What do hamburgers, steak, bacon, pork chops and veal all have in common?
They are all considered red meat and, although delicious, they can be harmful to your health and the production of these foods negatively effects the environment.
Part 1: Your Health
The average American consumes 270.7 pounds of red meat per year (more than double the world average). Current government dietary recommendations state a serving of protein is 3 ounces and weekly consumption of red meat should be no more than 18 ounces. Based on these guidelines, this translates into eating less than 6 servings per week. Now, I was never great at math but 270.7 pounds seems to be just a little bit higher than recommended.
1 serving = 3oz = a deck of cards
Research has shown that individuals who consume more than one daily serving of red meat increase their risk of mortality by 13% and 20% for every extra serving of processed meat. As little as 100 grams or a quarter pound hamburger per day increases the risk of cancer by 15-20%. Colorectal, prostate, pancreatic and breast are the most commonly associated cancers. Evidence also reports increased risk of type 2 diabetes, coronary heart disease and stroke. These individuals also weighed more, drank more, smoked more and exercised less.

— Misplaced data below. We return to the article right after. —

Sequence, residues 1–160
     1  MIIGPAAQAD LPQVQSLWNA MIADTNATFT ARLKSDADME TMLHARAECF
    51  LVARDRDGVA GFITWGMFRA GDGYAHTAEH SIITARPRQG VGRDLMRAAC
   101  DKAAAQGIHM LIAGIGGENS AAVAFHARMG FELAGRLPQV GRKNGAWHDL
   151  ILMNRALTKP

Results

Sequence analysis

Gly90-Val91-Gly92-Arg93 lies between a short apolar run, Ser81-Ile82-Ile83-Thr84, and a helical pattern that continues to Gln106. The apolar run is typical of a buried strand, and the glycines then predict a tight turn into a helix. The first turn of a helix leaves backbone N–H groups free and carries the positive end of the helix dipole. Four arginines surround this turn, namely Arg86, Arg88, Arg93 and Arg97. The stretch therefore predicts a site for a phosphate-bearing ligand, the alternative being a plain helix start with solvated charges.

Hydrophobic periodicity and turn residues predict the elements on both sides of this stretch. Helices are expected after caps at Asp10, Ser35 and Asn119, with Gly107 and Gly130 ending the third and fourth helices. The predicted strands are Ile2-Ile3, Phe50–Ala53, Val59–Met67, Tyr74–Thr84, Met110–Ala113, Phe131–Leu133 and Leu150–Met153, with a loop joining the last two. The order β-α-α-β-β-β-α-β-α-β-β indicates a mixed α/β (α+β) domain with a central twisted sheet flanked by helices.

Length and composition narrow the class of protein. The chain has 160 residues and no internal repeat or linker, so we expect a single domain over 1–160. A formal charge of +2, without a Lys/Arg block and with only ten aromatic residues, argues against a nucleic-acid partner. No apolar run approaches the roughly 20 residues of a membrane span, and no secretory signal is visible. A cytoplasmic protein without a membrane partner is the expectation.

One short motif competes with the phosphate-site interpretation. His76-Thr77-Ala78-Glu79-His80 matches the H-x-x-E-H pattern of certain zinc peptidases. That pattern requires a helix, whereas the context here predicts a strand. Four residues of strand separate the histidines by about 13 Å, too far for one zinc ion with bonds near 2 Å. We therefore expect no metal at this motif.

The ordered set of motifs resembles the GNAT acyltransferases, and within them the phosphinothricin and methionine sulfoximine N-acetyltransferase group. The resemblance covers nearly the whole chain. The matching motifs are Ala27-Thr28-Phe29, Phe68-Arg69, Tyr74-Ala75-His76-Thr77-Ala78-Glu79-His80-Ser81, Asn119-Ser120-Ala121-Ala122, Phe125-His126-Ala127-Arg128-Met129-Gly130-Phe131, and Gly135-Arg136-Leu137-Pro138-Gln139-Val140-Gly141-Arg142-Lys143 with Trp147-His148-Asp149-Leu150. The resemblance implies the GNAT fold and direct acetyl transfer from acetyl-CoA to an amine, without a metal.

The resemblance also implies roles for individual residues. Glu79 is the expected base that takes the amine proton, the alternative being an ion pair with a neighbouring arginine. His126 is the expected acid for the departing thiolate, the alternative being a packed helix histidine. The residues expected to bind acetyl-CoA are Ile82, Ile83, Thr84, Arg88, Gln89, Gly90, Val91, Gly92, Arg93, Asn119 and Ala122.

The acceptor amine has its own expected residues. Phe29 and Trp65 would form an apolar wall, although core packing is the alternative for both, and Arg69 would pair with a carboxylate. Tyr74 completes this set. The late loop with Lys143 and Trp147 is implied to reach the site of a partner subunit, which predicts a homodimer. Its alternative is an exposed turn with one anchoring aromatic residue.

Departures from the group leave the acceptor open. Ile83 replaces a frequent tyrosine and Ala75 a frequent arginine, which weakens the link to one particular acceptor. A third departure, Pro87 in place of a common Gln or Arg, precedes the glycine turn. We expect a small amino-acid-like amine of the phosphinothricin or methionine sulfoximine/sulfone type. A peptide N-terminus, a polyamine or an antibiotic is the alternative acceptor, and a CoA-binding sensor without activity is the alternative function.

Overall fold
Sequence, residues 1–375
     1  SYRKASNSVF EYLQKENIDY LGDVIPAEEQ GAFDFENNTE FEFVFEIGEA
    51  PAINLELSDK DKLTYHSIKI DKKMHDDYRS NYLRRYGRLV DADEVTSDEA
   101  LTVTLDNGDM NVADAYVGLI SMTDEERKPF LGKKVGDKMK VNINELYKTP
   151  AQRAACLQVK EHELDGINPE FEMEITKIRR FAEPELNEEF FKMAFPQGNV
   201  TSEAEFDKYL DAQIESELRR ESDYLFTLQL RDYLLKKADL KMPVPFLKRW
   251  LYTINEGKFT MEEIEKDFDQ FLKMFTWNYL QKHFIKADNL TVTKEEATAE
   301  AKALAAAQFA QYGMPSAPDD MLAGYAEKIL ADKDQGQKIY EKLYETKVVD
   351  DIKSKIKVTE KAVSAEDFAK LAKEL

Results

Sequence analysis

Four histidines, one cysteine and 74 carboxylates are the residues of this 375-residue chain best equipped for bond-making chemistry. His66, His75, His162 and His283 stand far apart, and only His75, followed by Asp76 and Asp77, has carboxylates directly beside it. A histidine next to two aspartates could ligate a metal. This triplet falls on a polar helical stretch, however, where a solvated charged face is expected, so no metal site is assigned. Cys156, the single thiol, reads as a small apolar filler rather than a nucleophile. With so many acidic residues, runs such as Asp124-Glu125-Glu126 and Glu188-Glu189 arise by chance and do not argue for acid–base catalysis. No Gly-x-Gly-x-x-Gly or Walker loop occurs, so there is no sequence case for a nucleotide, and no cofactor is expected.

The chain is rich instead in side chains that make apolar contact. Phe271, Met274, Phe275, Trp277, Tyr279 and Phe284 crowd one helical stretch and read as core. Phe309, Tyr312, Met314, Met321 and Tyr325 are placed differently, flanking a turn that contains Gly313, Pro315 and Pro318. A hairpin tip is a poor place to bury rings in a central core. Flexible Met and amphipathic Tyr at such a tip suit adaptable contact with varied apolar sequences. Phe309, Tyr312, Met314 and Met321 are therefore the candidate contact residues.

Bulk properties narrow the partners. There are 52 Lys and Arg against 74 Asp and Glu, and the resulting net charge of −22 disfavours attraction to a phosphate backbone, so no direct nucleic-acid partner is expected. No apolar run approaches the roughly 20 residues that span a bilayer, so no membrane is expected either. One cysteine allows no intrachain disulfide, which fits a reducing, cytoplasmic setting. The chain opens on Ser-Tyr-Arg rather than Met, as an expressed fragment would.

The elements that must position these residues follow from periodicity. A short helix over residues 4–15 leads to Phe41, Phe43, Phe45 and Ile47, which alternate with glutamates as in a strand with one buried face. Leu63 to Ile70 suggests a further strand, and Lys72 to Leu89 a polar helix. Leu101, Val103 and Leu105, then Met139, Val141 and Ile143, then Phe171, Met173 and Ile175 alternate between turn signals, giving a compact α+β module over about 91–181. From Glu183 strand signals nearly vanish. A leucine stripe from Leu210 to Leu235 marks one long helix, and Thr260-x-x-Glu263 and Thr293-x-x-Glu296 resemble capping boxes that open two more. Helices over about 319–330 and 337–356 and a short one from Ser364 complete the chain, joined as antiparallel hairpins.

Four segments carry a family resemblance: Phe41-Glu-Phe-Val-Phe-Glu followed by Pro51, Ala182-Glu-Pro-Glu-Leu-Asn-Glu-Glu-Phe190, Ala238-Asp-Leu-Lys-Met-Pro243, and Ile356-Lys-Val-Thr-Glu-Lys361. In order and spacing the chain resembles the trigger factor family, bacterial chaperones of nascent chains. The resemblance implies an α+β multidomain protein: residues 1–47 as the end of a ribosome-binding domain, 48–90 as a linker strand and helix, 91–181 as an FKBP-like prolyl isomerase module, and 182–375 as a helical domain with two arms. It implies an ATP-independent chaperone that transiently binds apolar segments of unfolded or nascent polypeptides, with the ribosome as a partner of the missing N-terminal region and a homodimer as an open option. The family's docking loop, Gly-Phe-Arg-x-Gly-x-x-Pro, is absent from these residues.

Good news is you do not need to immediately cut out red meat or even become a vegan. As with all things in life moderation and balance is the key. One simple tip is to opt for another source of protein, such as, fish, chicken or turkey. Replacing one serving of these choices a day can reduce mortality up to 19%.
Part 2: The Environment
Animal agriculture is the leading cause of deforestation, water consumption and pollution, is responsible for more greenhouse gases than the transportation industry, and is a primary driver of rainforest destruction, species extinction, habitat loss, topsoil erosion and ocean “dead zones.” The biggest culprit of this is the cattle and dairy industry. Roughly 2,500 gallons of water are needed to produce 1lb of beef. Compare that to 477 gallons required for 1lb of eggs. Around 1/3 of the world’s ice free land is devoted to life stock and life stock feed. We are clearing forests, destroying habitats and using scarce resources to grow food or our food. This industry is also responsible for 18% of greenhouse gas emissions. Cows produce 150 gallons of methane per day and methane is over 25% more destructive than carbon dioxide.
Not only will limiting the amount of beef, pork and lamb or opting for a turkey burger help to save this planet that 7 billion people call home, but, it can improve your health. So if you do eat meat, eat less when you do, select lean cuts, don’t eat meat every day, save processed meats for special occasions and be sure to eat plenty of vegetables! Oh and don’t forget your 8 glasses of water everyday!
To learn more about diet or nutrition:
To learn more about helping the environmental: